A Day at Jewel Cave National Monument

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Jewel Cave National Monument is an often-overlooked attraction in the Black Hills and is often compared with nearby Wind Cave National Park. The site itself is smaller and is a bit more remote but Jewel Cave is the third-largest cave system in the world, versus Wind Cave’s seventh-largest system. Additionally, the two caves contain different very types of formations.

While Jewel Cave is large, it is most likely a lot larger than cavers have explored! Scientists estimate, using volumetric studies, that as much as 95% of the cave remains undiscovered. It might even connect with Wind Cave!

Having done tours in both Wind Cave and Jewel Cave, I can firmly say they are both very different in terms of what you will see and it is well worth your time to visit both.

You will have to forgive the lack of pictures from inside the cave. We originally visited here in 2012 and toured the cave then. On our return trip, COVID-19 shut down the cave tours. Unfortunately, we have lost many of our pictures from 2012.

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What to Do in Jewel Cave National Monument

Check out the Visitor Center

The visitor center has a bunch of cool exhibits on the history of the cave and the creation of the cave. You can also pick up hiking guides for the park’s trails. 

Jewel Cave exhibit
Jewel Cave exhibit

We always recommend hitting the visitor center before you do anything else in the park.

Easier Cave Tours

The most obvious answer to what to do at Jewel Cave National Monument is to go on a cave tour! The park offers four tours: the Discovery Talk, the Scenic Tour, the Historic Lantern Tour and the Wild Caving Tour.

The Discovery Talk is a brief, but accessible, tour of a large cave room. It covers the basics of the cave but not much else in 20 minutes.

Back in 2012 when we did our cave tour, we opted for the Scenic Tour. This tour takes about 90 minutes and takes you through some of the prettiest parts of the cave. You will get to see a lot of the “jewel” formations that earned the cave its name, like my favorite, Cave Bacon!

Cave Bacon in Jewel Cave National Monument.
Cave Bacon in Jewel Cave National Monument.

The tour is over a paved surface and and has about 700 steps on metal staircases to climb. It’s not tough but it’s not easy.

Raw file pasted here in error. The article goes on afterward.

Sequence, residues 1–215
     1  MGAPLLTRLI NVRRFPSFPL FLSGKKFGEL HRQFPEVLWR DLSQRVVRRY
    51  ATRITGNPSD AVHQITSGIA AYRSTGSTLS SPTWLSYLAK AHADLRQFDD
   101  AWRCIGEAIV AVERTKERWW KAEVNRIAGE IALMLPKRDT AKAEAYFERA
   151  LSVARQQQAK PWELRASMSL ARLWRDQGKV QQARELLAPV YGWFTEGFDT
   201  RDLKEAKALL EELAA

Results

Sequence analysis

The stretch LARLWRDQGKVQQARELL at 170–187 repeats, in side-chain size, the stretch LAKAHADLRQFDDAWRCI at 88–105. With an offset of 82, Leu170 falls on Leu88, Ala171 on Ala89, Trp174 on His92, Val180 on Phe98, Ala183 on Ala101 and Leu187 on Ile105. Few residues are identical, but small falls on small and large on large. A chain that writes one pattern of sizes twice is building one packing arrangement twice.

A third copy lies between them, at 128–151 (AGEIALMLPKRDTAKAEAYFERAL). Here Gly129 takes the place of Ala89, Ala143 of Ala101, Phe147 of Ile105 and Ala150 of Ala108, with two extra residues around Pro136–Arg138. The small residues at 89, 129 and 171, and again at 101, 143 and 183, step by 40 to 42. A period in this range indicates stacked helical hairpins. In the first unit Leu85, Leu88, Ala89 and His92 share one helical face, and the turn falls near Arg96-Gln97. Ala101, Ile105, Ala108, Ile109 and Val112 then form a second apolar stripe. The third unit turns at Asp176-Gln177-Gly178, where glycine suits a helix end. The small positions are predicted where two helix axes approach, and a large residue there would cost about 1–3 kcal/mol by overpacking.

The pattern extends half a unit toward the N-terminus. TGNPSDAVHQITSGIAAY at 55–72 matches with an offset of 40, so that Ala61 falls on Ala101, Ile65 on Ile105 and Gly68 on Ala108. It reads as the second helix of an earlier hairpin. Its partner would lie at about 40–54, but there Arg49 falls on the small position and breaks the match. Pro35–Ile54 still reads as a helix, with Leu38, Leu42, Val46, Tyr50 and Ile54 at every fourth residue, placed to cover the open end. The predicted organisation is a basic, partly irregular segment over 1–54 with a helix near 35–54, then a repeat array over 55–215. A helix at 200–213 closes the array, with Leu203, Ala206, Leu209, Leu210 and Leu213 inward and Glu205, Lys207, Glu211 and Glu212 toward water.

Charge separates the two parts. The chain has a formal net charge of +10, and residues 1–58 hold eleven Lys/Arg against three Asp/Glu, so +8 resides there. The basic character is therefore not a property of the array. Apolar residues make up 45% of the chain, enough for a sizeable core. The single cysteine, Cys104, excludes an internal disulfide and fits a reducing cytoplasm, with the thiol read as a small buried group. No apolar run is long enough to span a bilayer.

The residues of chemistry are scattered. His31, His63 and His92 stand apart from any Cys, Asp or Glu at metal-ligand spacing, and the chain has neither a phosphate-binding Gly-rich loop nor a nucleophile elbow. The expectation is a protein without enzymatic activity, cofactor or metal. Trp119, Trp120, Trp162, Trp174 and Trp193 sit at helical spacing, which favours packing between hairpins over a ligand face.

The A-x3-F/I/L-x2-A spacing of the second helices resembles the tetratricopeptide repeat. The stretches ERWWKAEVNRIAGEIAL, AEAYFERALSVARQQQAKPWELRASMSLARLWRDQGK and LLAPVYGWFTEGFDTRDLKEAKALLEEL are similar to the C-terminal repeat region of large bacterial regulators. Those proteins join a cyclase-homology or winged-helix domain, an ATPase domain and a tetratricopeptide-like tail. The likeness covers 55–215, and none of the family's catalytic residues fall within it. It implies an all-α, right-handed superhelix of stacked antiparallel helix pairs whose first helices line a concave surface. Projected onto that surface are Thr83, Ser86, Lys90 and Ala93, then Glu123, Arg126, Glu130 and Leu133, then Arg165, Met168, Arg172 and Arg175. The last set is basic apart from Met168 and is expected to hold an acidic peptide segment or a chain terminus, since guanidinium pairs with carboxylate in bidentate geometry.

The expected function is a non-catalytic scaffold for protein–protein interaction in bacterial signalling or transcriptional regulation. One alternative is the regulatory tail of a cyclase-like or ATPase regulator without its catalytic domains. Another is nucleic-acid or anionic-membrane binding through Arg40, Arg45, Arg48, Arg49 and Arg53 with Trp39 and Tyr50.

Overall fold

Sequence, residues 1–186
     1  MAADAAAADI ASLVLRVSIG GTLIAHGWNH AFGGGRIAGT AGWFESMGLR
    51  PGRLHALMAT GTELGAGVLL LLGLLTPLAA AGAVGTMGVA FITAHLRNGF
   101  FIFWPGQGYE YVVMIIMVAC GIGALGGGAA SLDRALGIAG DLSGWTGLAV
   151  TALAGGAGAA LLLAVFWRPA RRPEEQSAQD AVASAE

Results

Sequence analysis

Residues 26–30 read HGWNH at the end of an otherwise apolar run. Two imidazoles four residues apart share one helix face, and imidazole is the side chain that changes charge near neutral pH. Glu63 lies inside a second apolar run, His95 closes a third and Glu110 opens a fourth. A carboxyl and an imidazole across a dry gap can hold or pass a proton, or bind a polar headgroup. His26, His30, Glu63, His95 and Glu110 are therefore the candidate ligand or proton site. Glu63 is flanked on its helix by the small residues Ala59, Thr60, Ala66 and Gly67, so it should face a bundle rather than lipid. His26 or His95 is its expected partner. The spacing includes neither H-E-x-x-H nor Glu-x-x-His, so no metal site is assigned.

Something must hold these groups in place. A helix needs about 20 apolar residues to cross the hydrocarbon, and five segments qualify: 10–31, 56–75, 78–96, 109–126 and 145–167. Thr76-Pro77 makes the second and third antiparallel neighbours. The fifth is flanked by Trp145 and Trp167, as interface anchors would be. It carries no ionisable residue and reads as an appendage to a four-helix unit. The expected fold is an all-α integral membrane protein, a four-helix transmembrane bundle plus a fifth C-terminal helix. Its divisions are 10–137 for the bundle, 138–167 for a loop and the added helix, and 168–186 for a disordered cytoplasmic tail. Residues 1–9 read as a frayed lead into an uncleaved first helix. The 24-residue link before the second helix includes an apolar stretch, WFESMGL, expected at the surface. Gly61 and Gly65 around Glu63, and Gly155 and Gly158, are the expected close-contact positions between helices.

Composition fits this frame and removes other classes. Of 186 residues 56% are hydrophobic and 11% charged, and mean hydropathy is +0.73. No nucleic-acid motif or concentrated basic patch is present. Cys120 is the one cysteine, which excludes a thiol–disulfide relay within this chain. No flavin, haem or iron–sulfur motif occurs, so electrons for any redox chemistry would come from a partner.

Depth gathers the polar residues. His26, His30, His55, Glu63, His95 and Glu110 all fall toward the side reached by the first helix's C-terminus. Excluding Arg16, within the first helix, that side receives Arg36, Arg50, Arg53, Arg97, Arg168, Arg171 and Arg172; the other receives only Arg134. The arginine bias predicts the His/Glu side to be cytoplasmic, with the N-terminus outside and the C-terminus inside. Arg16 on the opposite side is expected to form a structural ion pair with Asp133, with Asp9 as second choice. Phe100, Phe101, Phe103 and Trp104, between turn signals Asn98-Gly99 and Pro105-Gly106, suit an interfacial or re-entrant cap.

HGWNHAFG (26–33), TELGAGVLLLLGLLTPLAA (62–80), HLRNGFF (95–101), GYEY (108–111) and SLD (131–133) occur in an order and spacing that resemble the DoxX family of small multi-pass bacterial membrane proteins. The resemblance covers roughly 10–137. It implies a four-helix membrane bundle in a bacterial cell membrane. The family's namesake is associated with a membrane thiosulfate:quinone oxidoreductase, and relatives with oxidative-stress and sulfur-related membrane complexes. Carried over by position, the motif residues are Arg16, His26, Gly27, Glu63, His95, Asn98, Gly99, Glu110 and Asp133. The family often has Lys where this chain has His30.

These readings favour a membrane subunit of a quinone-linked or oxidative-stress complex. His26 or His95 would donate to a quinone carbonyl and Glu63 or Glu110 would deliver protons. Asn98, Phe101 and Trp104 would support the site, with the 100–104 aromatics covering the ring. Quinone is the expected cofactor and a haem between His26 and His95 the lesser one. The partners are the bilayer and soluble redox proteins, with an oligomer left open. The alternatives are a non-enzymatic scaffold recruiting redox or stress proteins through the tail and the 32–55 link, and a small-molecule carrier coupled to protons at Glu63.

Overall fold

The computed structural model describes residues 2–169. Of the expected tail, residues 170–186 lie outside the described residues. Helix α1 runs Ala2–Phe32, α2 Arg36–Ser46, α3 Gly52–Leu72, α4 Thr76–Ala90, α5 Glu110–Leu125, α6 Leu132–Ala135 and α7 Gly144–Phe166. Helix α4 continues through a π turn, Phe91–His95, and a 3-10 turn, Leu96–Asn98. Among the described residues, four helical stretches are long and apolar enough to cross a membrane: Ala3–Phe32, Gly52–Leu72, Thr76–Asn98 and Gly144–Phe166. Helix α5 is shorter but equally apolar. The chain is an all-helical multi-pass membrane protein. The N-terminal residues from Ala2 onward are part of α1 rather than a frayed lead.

Both of these tours are offered year round. 

Tougher Cave Tours

If I only had time to do one cave tour between Wind Cave NP and Jewel Cave NM, I would choose one of the lantern tours. We chose to do a lantern tour in Wind Cave when we visited back in 2012 and it was amazing. Were it not for COVID-19, we would have chosen the Historic Lantern Tour at Jewel Cave for this trip. 

This is the only tour that starts at the Natural Entrance to the cave and follows the route the early cave explorers used. It is more strenuous, requiring bending and stooping to get through the tour and it lasts almost two hours. 

The Natural Entrance to Jewel Cave is a bout the size of a door in a reddish-gray cliff with a paved sidewalk heading up to it.
The Natural Entrance to the cave is still used for lantern tours. It has a grate to keep random folks out and to allow the bats that roost in the cave to fly out.

One of the best parts about a lantern tour is being in an area with no lights other than the ones you are carrying… and then putting them out! There is something so amazing about sitting in total darkness. It is a bit terrifying but liberating at the same time.

The most strenuous option the park offers is the Wild Caving Tour, which only covers a half-mile underground but takes three to four hours! This requires significant equipment: soft knee and elbow pads, gloves and ankle-high boots with lug soles. The park provides helmets and headlamps. 

Bonnie Sinclair squeezing through the concrete test at Jewel Cave National Monument.
Anyone going on the Wild Cave Tour has to be able to squeeze through this box. While Bonnie could with difficulty, Grant said, “Nope!”

The kicker on this tour is you have to be able to squeeze through an 8.5” by 24” opening in order to go on the tour. Bonnie could only barely make it through. I was not about to even try. That is too tight for me!

Both of these tours are offered from mid-June to late August. The Wild Caving Tour requires reservations.

You can buy tickets for all of the tours up to 28 days in advance and we recommend getting the tickets before you visit the cave because they can and do sell out in the summer.